2. How does conservation factor into sustainability and how does it relate to technological progress replacing functions in the Earth's life-support system?
  3. How important is it for you that humanity aims for sustainability and what would you be willing to sacrifice for that?
  4. Rusbridger (2015) raises the following questions: “Even when the overwhelming majority of scientists wave a big red flag in the air, they tend to be ignored. Is this new warning too similar to the last? Is it all too frightening to contemplate? Is a collective shrug of fatalism the only rational response?” How do Rusbridger's questions relate to cognitive biases and their impacts on risk perception? Discuss your point of view with an example.
  5. To what extent have the warnings to humanity issued by scientists in 1992 (Union of Concerned Scientists, 1992) and 2017 (Ripple et al. (2017)) evolved in terms of urgency and support by scientists?
  6. What are the main conclusions of Ferry (2017) and Bernstein (2017)? Do you agree?
  7. Discuss the role of ethical and economic models for sustainability.

Due Date: June 15, 2018, 6:00 PM



This project provides an opportunity to investigate a real-world issue of regional interest and its global impact and to apply the mitigation and adaptation concepts discussed in class to the kinds of issues you will be expected to understand as a professional, an informed citizen and a voter. Working on the project will also allow you to develop and/or improve your skills in research, writing, oral communication, and working in a cooperative, group setting.

The five main areas of Adaptation Science as defined in Moss et al. (2013) should be reflected in the structure of your report, i.e., the hazards, the vulnerabilities, foresight, decision making, and options.


Assume that you are writing this papers in support of decision making by a specific stakeholder group engaged in addressing the real-world issue. Write the research paper in a way that a non-expert can understand the text.


The paper has to be typed with one-and-a-half line spacing preferred. Start with the title of your paper. Then write you name and the class identifier below the title. Then have the numbered sections of your paper (see below). Give each section a meaningful headline. At the end, include the bibliography with the heading "References". For the format of references, see below the section on References.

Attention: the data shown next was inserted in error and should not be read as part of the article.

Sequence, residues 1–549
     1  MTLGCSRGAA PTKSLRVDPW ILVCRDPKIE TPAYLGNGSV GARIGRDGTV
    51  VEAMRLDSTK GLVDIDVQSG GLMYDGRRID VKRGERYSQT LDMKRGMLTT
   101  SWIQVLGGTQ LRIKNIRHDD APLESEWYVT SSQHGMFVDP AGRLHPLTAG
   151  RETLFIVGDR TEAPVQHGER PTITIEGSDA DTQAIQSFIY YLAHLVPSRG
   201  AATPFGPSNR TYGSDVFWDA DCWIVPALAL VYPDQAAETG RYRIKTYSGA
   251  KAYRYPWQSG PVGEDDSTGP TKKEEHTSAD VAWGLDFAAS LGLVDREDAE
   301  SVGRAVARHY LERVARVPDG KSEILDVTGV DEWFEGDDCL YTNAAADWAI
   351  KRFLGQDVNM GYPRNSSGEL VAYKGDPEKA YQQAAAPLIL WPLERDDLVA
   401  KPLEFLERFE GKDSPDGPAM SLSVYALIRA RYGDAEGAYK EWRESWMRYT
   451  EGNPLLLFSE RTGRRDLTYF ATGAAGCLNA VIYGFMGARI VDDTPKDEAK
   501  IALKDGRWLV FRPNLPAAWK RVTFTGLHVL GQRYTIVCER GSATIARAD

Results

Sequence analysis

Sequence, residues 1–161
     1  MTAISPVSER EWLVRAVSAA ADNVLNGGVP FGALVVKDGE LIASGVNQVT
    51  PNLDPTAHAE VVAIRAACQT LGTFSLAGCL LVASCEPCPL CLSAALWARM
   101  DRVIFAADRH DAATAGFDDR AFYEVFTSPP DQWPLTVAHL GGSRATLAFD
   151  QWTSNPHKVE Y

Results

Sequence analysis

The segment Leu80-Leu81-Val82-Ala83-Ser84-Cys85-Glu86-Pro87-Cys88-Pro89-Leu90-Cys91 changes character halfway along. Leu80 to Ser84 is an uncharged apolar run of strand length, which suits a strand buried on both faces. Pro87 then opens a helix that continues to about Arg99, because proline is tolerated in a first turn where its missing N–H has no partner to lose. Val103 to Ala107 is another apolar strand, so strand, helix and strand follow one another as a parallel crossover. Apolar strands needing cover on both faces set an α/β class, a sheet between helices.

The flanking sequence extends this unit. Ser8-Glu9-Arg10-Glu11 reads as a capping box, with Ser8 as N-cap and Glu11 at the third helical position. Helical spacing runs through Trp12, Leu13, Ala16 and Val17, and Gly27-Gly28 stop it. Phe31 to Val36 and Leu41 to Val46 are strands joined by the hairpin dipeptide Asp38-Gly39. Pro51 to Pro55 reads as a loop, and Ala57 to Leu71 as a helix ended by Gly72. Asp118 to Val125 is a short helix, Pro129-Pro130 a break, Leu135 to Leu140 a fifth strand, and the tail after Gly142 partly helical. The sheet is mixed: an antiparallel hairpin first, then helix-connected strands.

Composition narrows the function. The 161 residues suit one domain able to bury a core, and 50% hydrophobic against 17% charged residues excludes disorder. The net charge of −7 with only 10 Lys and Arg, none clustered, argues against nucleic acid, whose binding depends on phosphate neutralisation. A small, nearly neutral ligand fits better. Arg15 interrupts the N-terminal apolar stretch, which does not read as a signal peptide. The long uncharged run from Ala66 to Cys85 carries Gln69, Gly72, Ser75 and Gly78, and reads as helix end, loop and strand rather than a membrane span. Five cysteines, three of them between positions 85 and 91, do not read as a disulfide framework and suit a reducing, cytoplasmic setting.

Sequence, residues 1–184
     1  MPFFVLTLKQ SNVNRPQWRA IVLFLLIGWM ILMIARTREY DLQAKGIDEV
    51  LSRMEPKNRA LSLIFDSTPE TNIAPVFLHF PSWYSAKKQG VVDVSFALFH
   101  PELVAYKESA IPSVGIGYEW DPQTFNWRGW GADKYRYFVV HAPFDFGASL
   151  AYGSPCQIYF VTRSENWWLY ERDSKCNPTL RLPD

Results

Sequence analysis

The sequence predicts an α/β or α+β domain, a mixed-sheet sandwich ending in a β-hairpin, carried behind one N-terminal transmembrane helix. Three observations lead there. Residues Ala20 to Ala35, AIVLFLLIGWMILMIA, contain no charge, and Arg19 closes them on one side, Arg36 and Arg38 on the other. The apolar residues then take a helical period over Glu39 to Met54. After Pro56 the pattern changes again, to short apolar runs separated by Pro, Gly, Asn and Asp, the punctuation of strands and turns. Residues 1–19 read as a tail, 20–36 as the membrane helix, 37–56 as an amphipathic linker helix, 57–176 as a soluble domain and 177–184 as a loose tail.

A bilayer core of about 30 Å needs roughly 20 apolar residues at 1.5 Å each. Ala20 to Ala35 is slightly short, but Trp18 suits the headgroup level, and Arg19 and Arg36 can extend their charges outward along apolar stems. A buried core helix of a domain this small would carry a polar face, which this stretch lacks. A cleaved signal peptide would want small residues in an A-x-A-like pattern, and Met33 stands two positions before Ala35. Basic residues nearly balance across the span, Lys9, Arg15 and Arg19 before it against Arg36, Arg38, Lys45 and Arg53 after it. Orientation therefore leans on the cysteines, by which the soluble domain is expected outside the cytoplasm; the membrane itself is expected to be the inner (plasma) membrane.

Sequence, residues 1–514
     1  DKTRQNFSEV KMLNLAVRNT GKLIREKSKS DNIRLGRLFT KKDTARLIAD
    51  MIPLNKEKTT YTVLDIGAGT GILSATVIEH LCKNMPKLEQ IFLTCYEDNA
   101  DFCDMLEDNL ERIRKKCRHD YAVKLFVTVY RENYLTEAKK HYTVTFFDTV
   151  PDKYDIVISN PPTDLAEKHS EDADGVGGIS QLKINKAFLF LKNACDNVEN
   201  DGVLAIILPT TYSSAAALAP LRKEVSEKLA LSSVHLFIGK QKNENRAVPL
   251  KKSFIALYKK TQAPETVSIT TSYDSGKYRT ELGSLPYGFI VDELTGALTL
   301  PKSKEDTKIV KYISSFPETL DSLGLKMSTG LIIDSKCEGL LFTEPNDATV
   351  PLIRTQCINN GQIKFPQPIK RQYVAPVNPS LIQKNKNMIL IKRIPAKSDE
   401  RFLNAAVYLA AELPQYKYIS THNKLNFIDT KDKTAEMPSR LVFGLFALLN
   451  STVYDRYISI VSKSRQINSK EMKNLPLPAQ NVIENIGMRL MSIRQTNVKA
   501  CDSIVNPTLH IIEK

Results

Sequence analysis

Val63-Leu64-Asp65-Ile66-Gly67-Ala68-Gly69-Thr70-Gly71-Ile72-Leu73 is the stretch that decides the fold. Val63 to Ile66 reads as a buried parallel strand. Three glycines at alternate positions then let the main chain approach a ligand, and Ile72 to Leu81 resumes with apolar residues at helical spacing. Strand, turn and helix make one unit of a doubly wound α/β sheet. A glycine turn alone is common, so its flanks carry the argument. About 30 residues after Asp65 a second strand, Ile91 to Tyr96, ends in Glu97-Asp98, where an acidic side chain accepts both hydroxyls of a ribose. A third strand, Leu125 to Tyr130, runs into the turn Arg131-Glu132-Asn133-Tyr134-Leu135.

Insert figures and tables in the text. Figures and table must be numbered and must be referenced in the test. Figures must have a caption below the figure, including the source of the figure. Tables have a caption above the table. Make sure that each caption explains the figure or table sufficiently but does not add significant text.

All units should be System International units (e.g., km instead of miles; mm, cm, m instead inches and feet; degrees Celsius instead of Fahrenheid; g and kg, instead of pounds).


Your paper should have seven sections. After an introductory section, you will consider the five areas of adaptation science. A final section will summarize your recommendations on how to address the issue you are considering. You will present the following information, with appropriate attention to detail throughout and the appropriate bibliography.

  1. Introduction: Give a brief overview of the real-world issue you are addressing. Questions you may consider here include: What is the challenge? Where is this a problem? What system are you considering (eco-system, species, human community, ...)? Who (human or non-human) is impacted? What and who has caused the problem? Who is trying to solve/address the problem? Is this a wicked or super-wicked probelm? What has been done to address it? Who are you writing for and who may benefit from your research paper?
  2. Hazards: What are the hazards that constitute threats for the system you are considering? Give a comprehensive overview of the hazards, how they interrelate, and how they may change over time. You should discuss the hazard probabilities as a function of hazard magnitude. Which of these hazards can be mitigated?
  3. Vulnerabilities: What are the vulnerabilities of the system considered? As much as possible, you should be quantitative here. Be realistic, tangible and precise. Which of the vulnerabilities can be reduced through adaptation of the system?